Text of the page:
The mystery of evil has many aspects. There is one that is contained in that sad word "waste." The germs of life that wither before they are sprung up, the lives often so full of power and promise that we see cut off in their prime, the gifted minds that are sunk in unconsciousness or madness. But there is another consideration that is still more practical, and that comes home to all men individually. How much that was born with each one of us must pass unused and undeveloped into the grave! The profession on which a young man has set his heart may be really the one best suited to him, and if he might enter on the preparation for it with his enthusiasm, his success might be morally certain, and the natural growth of character assured. But other wills have to be consulted beside his own; there are money difficulties which are thought to be insurmountable, or there is a fear of some loss of caste, or of some problematical moral consequences which are apprehended. And so the first flush of hope and resolution is checked by an untimely frost, and the leading sapling is nipped. Will the tree grow straight afterwards? That is the question. Or the life of the affections has been in some way warped or stunted. Some early disappointment, the discovery of some unknown defect for which no one living is to blame, some hardly avoidable error, makes us conscious of failure and limitation here, where the longing for the infinite is most insatiable. From this point onwards what is the life to be? These are marked instances of what we all find out at some point in our course — that feeling and energy have to be adapted to circumstance; that while desires and aims may be boundless, opportunity and time and human power are limited. And it is here that the difference becomes apparent between the true and false resolution and enthusiasm. We have attempted the impossible. The possible remains. But does there remain in us the strength and will to do it? Disappointment will have a weakening effect for a while, but it will only be for a while if we have any strength in us. The effect is various. The more speculative and dreamy temper discovers that the world is out of joint, and begins spinning theories of a new and regenerate condition of society, in which every nature shall grow without painful effort into the fulness of its ideal form. The more practical lose sight of their ideal altogether, and fall into a narrow, dull routine. The bolder nature becomes cynically embittered, the softer loses heart and subsides in caution and timidity. These are the subterfuges of weakness, and we must arise and shake ourselves from these if we would be spiritually healthy and strong. Suppose, then, the discovery to have been made, that of many plans only the one that seemed the least interesting can be pursued; that of many powers of which we have been conscious, only some of the more ordinary can find their natural fulfilment; that of all to which our hearts once clung, all but some poor fragment has been taken out of reach. Imagine the great soldier, struck down in middle life and doomed to drag out the rest of his time in feebleness and inaction. What then remains for us? If we are true to ourselves, perhaps the most fruitful portion of our lives. It is true that the desire granted is a tree of life, that there are some kinds of growth which can only come through the intensity or the continuance of joy. But it is also true that still deeper sources of life and growth are opened in times of sorrow and gloom for those who have recourse to them aright. Let us return to Him who, by the finger of His providence, has shown us the limits of our appointed way. Let us devote ourselves anew to do and suffer according to His will, and we shall find springing by the strait and narrow road many an unlooked-for blessing. If love and truth, humility and deep contentment be there, if the finite being is rooted in the infinite, there will be enlargement even in the least hopeful lot. The gifts that, with concurrent circumstances, might have adorned the literature of a nation, or made a lasting name in painting, or music, or some other path of art, may be concentrated on the training of one or two children, so laying up a store of usefulness for the coming time. The same energy which in some lives is seen breaking forth victoriously in all the brilliance of success has wrought not less heroically in others, underground, as it were, unsuspected and unseen except by very few, in a struggle with adverse fortune or adverse health. Viewed "under the form of eternity," the one life is no less complete and no less successful than the other. Both pass into the hidden world with equal gain. If there be the fixed determination to do what the hand findeth to do, even though it may seem poor and mean, to do it trusting in the eternal strength and wisdom of Him who ordereth all things according to the good pleasure of His will, we need not fear that any experience, any aspiration, any love, any effort of our past lives will be utterly lost to us. To act in the present is not necessarily to break with the past. We learn to take up mangled matters at the best. We perhaps find out a way of turning to account even the accidents of life, and weaving them into the fabric of our design. Nor is experience, whether of success or failure, ever profitable for ourselves alone. The narrowest and most deserted life need not be lived wholly in isolation. If failure and sorrow have left the heart still fresh and sweet, as it will be if it have clang to a Divine support, then, wherever there are human beings, a way will be found of pouring the oil of consolation and the wine of gladness into other lives. There is so much that wants doing in the world, so few hitherto who have been roused to do even what they eaR. It is terrible to think that we may miss doing the little that is laid to our hands. Let us not waste time in vain regrets, or in vague dreams of what experience has clearly shown to be impossible, but let us gather up the fragments that remain. Though sometimes we may be cast down, let us know that we are not destroyed.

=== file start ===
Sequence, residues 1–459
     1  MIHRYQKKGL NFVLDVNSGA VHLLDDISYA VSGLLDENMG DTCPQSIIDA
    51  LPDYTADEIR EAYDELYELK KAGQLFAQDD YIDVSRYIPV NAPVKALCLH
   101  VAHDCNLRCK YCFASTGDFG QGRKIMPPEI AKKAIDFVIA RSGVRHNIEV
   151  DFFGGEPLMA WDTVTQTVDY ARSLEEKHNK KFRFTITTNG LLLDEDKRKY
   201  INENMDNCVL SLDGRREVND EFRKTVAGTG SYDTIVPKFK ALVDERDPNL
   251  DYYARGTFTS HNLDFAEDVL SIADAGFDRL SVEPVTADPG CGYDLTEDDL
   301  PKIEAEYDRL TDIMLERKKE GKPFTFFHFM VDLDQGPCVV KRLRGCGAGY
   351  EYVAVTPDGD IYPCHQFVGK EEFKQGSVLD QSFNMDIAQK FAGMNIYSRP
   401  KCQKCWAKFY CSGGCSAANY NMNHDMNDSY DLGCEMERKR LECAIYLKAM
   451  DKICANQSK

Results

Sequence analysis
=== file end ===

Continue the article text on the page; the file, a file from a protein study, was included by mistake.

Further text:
(Prof. Lewis Campbell.)

Scientific Illustrations and Symbols.
Many kinds of seeds are gifted with powers not merely of retaining life under the ordinary circumstances of nature, but of resisting the most terrible attacks. When wine has been made from raisins, and the refuse has been scattered over the fields as manure, it has been observed that the grape-seeds have vegetated and produced young vines, and this notwithstanding the boiling and fermentation they have had to endure. The seeds of elder-berries have been observed to grow after similar trials. Many experiments have been made to ascertain exactly what amount of unnatural heat seeds can bear without being destroyed. It considerably exceeds that which plants can bear; and the same is the case with extreme cold.

(Scientific Illustrations and Symbols.)